NAPLES — Dow Chemical Co.'s chief executive served a healthy dose of optimism about the nation's economic future during the Forum Club of Southwest Florida luncheon Friday.
Weeks after meeting with President Obama and corporate executives, CEO Andrew Liveris, who is chairman and president of the Midland, Mich.-based company, explained why he believes the U.S. has a better than 50 percent chance of not falling off the "fiscal cliff."
The fiscal cliff is the conundrum faced by the U.S. government when the terms of the Budget Control Act of 2011 go into effect Dec. 31. The laws set to change include ending some tax breaks for businesses and the beginning of taxes related to Obama's health-care law, among other key changes. At the same time, spending cuts are to take effect as part of managing the nation's debt.
Economists and business leaders have warned that without a compromise in the plan, the combination of spending cuts and higher taxes likely would cause a dramatic recession felt later in 2013.
"It was not an unqualified optimism," Liveris said of his economic outlook while signing his book "Make it in America," after the forum at the Naples Beach Hotel and Golf Club.
The qualification, he said, is whether Democrats and Republicans can reach a compromise by year's end.
"There is better than a 50 percent chance, because in the past few days there is beginning to be more dialogue between both sides," he said. "They both know they have to get it done. But it ain't 90 percent. They could defer it until January or February and that could make it worse. It would make 2013 a very tough year."
The optimism stemmed in part from Obama listening to business leaders and more recently, Obama communicating more with House Speaker John Boehner, Liveris said.
The approximate "decade of dysfunctionality" in Washington has caused self-inflicted uncertainty due to partisan gridlock, Liveris said.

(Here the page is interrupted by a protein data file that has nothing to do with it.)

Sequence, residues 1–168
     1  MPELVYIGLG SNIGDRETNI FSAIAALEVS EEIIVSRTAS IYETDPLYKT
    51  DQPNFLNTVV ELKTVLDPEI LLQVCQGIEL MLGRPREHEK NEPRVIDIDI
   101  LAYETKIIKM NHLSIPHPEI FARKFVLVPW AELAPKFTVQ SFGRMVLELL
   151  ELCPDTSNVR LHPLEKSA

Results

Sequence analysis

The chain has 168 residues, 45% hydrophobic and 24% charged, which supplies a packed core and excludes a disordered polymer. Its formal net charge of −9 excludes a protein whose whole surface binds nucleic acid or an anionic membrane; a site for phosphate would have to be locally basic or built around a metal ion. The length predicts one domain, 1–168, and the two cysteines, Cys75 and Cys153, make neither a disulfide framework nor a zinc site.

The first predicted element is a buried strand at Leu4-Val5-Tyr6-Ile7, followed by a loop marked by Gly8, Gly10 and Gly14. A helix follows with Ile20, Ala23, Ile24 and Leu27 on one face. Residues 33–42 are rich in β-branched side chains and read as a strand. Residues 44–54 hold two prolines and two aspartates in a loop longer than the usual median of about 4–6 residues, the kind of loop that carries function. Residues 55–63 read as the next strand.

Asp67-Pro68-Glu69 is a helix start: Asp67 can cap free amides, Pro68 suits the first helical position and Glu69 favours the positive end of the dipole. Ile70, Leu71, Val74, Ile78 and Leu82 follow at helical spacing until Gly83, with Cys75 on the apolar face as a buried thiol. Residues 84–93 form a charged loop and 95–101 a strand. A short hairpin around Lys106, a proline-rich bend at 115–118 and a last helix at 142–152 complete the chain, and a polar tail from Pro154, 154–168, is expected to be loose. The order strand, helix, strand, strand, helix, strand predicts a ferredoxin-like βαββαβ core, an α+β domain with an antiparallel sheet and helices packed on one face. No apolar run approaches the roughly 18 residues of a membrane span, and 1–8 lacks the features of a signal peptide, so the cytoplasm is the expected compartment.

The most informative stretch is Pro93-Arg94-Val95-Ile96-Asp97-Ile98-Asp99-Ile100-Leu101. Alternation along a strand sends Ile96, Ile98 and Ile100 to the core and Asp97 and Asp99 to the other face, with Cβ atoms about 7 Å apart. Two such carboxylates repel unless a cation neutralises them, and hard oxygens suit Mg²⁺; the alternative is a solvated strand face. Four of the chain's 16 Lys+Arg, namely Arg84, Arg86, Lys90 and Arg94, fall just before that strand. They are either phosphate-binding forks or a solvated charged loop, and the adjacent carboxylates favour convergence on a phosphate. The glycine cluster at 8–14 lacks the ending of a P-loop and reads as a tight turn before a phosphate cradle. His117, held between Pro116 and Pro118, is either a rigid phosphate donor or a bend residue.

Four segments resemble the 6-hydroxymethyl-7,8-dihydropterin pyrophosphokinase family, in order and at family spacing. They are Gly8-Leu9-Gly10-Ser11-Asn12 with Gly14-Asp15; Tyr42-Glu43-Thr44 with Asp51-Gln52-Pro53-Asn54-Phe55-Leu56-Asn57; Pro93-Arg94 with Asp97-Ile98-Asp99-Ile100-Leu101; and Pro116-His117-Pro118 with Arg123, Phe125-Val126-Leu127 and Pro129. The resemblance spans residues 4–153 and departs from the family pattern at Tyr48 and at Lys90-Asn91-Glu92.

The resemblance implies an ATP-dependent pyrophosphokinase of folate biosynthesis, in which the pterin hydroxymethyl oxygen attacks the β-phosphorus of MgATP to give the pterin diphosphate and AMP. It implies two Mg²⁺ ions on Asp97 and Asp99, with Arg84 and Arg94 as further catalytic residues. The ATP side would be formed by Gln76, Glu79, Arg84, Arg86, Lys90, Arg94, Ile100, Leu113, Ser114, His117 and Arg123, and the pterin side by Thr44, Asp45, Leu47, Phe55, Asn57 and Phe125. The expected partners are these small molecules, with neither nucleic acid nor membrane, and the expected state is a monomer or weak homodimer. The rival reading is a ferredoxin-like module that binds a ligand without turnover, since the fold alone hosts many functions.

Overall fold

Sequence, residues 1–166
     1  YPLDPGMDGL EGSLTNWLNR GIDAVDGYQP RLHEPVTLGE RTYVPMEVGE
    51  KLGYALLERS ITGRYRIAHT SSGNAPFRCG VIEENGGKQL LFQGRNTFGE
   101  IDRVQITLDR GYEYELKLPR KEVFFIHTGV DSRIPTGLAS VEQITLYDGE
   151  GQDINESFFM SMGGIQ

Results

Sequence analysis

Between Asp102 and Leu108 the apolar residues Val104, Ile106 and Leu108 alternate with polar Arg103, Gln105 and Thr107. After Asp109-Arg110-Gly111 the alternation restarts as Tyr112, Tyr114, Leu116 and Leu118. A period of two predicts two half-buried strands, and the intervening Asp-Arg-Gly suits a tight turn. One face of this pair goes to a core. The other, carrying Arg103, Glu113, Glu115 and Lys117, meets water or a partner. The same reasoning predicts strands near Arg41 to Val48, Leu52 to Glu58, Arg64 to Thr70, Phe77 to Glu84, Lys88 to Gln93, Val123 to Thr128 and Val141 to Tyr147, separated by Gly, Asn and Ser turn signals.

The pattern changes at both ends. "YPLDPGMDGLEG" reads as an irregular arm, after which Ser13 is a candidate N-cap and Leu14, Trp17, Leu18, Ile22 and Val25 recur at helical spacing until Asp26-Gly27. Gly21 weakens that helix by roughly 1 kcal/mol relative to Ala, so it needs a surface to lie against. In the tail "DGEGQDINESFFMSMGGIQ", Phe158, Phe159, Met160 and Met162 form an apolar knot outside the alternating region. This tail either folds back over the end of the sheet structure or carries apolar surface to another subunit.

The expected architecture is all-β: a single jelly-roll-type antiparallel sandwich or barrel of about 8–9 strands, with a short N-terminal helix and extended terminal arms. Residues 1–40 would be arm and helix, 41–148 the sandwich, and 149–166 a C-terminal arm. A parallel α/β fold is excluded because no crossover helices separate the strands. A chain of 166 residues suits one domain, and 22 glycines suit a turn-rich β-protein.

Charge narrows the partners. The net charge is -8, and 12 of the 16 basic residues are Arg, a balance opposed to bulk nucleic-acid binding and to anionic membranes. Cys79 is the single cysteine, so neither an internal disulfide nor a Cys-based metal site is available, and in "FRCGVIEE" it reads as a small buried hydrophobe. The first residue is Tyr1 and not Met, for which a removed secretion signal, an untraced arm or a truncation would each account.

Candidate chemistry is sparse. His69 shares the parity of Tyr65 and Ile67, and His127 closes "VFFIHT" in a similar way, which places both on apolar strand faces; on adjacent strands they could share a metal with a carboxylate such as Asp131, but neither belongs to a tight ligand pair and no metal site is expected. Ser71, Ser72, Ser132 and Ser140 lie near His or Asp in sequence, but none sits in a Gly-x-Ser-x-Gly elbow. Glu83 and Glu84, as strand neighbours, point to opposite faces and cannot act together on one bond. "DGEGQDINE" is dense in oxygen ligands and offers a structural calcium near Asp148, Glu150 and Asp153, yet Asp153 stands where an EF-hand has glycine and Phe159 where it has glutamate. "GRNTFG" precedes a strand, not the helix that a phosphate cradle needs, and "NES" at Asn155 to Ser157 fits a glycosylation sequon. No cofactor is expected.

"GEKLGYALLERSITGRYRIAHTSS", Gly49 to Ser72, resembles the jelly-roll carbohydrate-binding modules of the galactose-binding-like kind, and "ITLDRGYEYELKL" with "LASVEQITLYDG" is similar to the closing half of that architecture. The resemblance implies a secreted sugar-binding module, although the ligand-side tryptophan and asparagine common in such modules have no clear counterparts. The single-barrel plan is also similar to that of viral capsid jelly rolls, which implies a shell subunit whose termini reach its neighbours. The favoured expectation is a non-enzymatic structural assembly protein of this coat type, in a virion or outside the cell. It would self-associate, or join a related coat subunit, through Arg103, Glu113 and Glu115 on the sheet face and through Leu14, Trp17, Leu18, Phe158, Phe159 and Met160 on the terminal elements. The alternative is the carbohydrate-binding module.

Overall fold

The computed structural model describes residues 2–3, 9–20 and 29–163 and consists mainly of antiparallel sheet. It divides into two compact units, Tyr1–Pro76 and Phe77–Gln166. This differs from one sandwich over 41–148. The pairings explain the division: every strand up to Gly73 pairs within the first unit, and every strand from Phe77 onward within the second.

Liveris said he is getting clues that a compromise could be reached.
"There will be tax rate increases for the wealthy. The Republicans will give that up. There is no way out of that," he said.
Beyond the fiscal cliff, Liveris said the country needs to get back to thinking long-term.
After years of outsourcing, it's time to reinvent the economy by manufacturing in the U.S. again, Liveris said.
The U.S. is falling behind other nations such as China, Japan and Korea because those nations' governments roll out the red carpet for companies like Dow instead of rolling out the red tape, Liveris said.
Another key to U.S. economic longevity is energy, including natural gas from shale. This resource could spur an American renaissance if the policy is to neither burn all the fuel nor export too much of it, he said.
Instead of thinking of manufacturing as an economic sector in need of rescuing, it should be considered the sector that can do the rescuing, Liveris said.
The U.S. has been favoring services over goods, yet manufactured goods would have a higher value when exported, he said.
Liveris received loud applause after sharing his advice for Washington.
Forum attendees said they were impressed with Liveris' take on the issues.
"He told you things you really didn't want to hear, but made you feel good about it," said Jo Frazer of Naples.